Misplaced People

By Mark Ulyseas

For The Bali Times

Nothing remains but Time itself

Mocking us from the parapets

Throwing the Past as we go by

Dancing to the song of Life

Mark Ulyseas, Migratory Birds

The following is an excerpt from my work-in-progress book titled Faded Genes. The spirits of Bali have possessed me to write down for posterity fleeting images from my journeys through life in India. It is a soliloquy of an existence worn by the earth.

Faded Genes is the kaleidoscope of a mislaid life. The myriad faces of the past, the haunting of people gone by, the instances of sudden madness and the sheer will to live. Or lack of it. There are no sequences here, only images. Like a kaleidoscope, changing colors and shapes every time it is moved from side to side.

I recall the refrain of Engelbert Humperdink’s song Put Your Hand in the Hand wafting from the Assembly of God Hall as I passed on my way down Elliot Road in Calcutta. That was a place for lost souls, homeless and broken people. They took them in, repaired their bodies and souls and shoved them back onto the street.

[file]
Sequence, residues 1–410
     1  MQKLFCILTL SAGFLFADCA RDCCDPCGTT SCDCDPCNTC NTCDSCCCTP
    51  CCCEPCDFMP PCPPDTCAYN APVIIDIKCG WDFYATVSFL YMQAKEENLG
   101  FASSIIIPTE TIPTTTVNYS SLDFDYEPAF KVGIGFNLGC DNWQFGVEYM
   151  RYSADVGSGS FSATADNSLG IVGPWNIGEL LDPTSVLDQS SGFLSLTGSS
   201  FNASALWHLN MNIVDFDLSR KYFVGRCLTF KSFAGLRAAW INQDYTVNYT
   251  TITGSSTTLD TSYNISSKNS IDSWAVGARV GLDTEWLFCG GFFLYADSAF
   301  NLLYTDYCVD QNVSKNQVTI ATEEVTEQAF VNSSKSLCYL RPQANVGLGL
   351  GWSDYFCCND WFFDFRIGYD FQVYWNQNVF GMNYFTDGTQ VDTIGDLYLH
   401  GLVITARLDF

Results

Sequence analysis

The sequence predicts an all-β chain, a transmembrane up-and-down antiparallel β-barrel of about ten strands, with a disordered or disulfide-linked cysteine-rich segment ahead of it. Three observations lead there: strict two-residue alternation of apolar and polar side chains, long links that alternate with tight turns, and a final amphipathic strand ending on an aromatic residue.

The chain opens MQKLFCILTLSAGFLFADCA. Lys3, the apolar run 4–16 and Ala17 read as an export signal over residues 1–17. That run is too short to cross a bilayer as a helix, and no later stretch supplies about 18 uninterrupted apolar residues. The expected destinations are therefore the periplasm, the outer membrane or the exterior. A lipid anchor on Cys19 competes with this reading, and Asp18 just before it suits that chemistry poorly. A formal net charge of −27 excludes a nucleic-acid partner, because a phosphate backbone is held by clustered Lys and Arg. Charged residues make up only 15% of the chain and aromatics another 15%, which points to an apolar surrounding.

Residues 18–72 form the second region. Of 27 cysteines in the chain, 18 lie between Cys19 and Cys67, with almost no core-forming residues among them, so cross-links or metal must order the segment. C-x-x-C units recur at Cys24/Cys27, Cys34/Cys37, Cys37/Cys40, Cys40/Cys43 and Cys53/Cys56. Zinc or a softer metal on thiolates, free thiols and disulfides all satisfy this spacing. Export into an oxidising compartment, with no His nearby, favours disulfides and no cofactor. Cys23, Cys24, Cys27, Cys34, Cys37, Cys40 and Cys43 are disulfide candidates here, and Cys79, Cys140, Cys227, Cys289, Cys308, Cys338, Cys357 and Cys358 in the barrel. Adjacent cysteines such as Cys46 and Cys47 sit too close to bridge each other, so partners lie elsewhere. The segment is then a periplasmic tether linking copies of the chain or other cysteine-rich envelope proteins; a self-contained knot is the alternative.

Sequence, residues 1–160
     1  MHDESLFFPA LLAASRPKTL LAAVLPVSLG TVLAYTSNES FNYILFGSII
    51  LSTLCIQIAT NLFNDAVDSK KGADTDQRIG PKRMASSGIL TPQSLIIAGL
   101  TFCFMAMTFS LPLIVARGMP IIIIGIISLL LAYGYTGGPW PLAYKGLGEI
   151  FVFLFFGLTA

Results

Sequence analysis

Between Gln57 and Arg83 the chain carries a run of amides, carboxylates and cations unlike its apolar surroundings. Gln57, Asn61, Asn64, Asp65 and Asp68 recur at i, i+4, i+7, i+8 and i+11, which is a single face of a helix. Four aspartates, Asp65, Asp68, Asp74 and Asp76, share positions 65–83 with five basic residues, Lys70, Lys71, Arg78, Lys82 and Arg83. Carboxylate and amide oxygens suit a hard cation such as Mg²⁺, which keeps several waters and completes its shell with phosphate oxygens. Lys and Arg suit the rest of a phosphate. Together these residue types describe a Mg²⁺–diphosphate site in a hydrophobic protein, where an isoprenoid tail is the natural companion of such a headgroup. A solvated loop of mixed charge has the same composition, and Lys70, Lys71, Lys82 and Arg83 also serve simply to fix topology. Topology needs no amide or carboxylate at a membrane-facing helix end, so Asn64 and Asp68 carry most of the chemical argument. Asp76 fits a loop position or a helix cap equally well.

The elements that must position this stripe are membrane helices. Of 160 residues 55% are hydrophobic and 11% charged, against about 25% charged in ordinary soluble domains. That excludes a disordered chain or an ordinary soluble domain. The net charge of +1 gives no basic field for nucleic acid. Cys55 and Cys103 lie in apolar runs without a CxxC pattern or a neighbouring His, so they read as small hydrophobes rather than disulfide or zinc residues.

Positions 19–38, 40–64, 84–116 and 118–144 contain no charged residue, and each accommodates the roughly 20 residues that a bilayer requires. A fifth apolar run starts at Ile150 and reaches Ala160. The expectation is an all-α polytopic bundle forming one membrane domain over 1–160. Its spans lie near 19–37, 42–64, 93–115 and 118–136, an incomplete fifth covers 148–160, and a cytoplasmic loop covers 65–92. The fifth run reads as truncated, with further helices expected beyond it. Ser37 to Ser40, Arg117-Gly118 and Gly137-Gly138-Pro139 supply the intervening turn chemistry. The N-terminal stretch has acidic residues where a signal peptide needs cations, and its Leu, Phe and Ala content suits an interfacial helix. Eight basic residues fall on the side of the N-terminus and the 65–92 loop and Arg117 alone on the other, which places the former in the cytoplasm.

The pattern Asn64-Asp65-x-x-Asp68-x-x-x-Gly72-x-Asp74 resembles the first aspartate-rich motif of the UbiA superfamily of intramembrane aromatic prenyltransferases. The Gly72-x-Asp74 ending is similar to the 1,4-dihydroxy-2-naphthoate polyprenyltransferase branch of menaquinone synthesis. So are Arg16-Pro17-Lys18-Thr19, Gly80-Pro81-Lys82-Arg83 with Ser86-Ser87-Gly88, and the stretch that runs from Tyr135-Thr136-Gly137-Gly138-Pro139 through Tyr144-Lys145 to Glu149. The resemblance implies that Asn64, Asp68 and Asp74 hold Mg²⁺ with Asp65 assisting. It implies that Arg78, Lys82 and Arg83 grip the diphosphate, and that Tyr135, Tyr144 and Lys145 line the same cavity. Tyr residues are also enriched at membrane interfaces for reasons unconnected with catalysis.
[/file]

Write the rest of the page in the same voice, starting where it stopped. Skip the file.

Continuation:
Many returned as honest, hard-working family people. It was heartrending to see them line up for the Sunday Free Lunch at the hall. Their faces bore testimony to the traumas they had gone through and the hope that they still had. Where they were going, no one knew. But they were happy in their neatly ironed shirts, cheap frilly frocks, permed hair and garish makeup. To me it was a pathetic pantomime, a cruel comedy of life. I was terrified that one day I would be standing in that line. Waiting.